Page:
BACKGROUND: COVID-19 vaccine coverage in the Latinx community depends on delivery systems that overcome barriers such as institutional distrust, misinformation, and access to care. We hypothesized that a community-centered vaccination strategy that included mobilization, vaccination, and "activation" components could successfully reach an underserved Latinx population, utilizing its social networks to boost vaccination coverage. METHODS: Our community-academic-public health partnership, "Unidos en Salud," utilized a theory-informed approach to design our "Motivate, Vaccinate, and Activate" COVID-19 vaccination strategy. Our strategy's design was guided by the PRECEDE Model and sought to address and overcome predisposing, enabling, and reinforcing barriers to COVID-19 vaccination faced by Latinx individuals in San Francisco. We evaluated our prototype outdoor, "neighborhood" vaccination program located in a central commercial and transport hub in the Mission District in San Francisco, using the Reach, Effectiveness, Adoption, Implementation and Maintenance (RE-AIM) framework during a 16-week period from February 1, 2021 to May 19, 2021. Programmatic data, city-wide COVID-19 surveillance data, and a survey conducted between May 2, 2021 and May 19, 2021 among 997 vaccinated clients ≥16 years old were used in the evaluation. RESULTS: There were 20,792 COVID-19 vaccinations administered at the neighborhood site during the 16-week evaluation period. Vaccine recipients had a median age of 43 (IQR 32-56) years, 53.9% were male and 70.5% were Latinx, 14.1% white, 7.7% Asian, 2.4% Black, and 5.3% other. Latinx vaccinated clients were substantially more likely than non-Latinx clients to have an annual household income of less than $50,000 a year (76.1% vs. 33.5%), be a first-generation immigrant (60.2% vs. 30.1%), not have health insurance (47.3% vs. 16.0%), and not have access to primary care provider (62.4% vs. 36.2%). The most frequently reported reasons for choosing vaccination at the site were its neighborhood location (28.6%), easy and convenient scheduling (26.9%) and recommendation by someone they trusted (18.1%); approximately 99% reported having an overall positive experience, regardless of ethnicity. Notably, 58.3% of clients reported that they were able to get vaccinated earlier because of the neighborhood vaccination site, 98.4% of clients completed both vaccine doses, and 90.7% said that they were more likely to recommend COVID-19 vaccination to family and friends after their experience; these findings did not substantially differ according to ethnicity. There were 40.3% of vaccinated clients who said they still knew at least one unvaccinated person (64.6% knew ≥3). Among clients who received both vaccine doses (n = 729), 91.0% said that after their vaccination experience, they had personally reached out to at least one unvaccinated person they knew (61.6% reached out to ≥3) to recommend getting vaccinated; 83.0% of clients reported that one or more friends, and/or family members got vaccinated as a result of their outreach, including 18.9% who reported 6 or more persons got vaccinated as a result of their influence. CONCLUSIONS: A multi-component, "Motivate, Vaccinate, and Activate" community-based strategy addressing barriers to COVID-19 vaccination for the Latinx population reached the intended population, and vaccinated individuals served as ambassadors to recruit other friends and family members to get vaccinated.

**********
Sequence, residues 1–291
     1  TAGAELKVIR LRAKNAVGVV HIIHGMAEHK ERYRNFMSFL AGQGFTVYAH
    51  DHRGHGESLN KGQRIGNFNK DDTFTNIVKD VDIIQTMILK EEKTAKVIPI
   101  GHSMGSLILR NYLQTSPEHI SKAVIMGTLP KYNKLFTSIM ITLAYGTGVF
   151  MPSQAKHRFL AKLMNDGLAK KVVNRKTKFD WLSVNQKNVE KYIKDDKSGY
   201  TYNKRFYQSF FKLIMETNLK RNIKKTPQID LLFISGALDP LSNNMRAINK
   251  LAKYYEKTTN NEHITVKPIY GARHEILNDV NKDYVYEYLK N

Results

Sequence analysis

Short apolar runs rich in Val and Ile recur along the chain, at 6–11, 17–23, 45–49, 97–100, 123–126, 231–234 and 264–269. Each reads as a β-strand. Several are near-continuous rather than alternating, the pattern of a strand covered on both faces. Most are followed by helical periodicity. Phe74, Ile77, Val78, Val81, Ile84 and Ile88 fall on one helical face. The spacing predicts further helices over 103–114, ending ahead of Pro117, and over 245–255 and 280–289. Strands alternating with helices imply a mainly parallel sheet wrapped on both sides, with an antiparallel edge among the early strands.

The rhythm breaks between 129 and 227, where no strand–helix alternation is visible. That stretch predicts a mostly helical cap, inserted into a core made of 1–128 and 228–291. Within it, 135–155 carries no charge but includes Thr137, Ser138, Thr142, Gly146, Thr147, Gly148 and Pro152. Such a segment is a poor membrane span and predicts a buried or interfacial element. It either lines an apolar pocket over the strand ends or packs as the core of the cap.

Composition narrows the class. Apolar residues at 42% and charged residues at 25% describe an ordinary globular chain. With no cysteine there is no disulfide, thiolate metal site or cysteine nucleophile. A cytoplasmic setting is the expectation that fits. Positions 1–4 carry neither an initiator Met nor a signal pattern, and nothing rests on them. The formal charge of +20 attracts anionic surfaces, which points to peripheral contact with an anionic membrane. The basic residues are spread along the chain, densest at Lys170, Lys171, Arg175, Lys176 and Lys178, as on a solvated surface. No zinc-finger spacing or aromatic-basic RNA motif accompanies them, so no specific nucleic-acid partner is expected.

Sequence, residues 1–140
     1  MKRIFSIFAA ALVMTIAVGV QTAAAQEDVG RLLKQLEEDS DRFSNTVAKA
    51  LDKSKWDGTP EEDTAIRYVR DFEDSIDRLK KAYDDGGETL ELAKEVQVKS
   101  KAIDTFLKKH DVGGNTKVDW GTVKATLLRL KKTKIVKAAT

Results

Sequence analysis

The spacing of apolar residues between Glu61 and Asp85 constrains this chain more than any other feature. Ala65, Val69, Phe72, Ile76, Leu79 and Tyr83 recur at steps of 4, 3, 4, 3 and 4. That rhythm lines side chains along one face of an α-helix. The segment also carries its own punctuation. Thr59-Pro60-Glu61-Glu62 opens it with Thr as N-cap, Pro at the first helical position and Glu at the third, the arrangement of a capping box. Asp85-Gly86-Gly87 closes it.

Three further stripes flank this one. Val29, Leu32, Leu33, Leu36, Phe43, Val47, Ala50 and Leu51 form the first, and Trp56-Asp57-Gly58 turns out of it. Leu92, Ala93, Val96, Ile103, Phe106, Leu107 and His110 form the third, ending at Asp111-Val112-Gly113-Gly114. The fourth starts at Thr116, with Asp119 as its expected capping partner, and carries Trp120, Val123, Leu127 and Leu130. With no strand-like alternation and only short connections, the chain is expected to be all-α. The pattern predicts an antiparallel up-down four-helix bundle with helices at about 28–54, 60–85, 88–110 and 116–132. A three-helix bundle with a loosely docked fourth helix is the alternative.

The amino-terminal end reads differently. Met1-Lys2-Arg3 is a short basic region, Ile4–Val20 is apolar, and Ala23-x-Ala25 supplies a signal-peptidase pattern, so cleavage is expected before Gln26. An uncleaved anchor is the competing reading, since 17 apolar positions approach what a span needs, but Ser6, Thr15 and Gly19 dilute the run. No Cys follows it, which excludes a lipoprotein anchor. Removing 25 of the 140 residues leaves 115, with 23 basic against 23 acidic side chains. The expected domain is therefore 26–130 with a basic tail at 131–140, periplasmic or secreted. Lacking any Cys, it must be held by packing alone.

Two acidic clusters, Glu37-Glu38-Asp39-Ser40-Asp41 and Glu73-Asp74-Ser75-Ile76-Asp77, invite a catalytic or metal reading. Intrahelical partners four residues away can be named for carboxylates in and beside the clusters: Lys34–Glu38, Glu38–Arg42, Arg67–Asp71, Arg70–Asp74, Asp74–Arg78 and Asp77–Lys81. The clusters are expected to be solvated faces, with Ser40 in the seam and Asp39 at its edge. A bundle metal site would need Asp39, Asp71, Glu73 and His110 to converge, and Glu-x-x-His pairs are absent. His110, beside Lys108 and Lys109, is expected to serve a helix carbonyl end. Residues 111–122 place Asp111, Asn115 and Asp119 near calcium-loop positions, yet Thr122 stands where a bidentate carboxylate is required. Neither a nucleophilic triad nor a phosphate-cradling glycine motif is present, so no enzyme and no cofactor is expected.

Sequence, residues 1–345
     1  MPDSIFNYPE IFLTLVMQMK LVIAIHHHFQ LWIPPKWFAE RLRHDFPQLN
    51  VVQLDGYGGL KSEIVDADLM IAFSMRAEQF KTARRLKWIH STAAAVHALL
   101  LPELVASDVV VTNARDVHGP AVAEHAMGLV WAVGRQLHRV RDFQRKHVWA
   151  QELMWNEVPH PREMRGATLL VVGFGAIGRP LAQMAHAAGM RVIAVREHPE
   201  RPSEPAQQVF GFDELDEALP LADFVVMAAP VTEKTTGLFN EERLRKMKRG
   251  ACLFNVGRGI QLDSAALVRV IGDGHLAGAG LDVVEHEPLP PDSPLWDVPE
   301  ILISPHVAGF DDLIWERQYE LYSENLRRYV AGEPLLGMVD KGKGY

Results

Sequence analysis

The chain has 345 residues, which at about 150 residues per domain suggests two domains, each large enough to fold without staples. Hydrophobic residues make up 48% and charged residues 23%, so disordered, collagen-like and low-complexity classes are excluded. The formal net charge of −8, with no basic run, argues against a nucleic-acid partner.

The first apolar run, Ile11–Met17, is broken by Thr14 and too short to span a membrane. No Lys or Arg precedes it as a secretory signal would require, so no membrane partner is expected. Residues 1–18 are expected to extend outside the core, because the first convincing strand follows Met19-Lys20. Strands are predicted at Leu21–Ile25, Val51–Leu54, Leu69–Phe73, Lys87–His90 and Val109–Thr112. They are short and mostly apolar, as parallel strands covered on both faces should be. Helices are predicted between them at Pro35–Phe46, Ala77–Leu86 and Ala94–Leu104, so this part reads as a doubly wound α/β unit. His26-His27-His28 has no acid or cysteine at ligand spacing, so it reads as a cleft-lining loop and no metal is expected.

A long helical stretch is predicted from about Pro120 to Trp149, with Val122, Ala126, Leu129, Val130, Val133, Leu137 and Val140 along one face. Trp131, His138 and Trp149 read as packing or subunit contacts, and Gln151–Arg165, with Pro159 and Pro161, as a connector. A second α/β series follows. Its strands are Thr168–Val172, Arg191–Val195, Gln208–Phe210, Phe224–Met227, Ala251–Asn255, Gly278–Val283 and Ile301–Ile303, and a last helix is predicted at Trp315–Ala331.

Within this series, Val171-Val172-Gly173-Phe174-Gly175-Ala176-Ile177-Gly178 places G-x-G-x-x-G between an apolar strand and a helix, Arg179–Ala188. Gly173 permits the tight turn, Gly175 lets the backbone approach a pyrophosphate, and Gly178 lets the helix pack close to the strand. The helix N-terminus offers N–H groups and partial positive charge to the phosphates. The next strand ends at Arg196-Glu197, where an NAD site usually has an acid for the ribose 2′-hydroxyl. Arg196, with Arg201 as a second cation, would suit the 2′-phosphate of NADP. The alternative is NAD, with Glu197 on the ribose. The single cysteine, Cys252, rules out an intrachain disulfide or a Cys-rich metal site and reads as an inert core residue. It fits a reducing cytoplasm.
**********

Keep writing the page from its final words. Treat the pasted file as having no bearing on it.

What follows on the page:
Subject(s)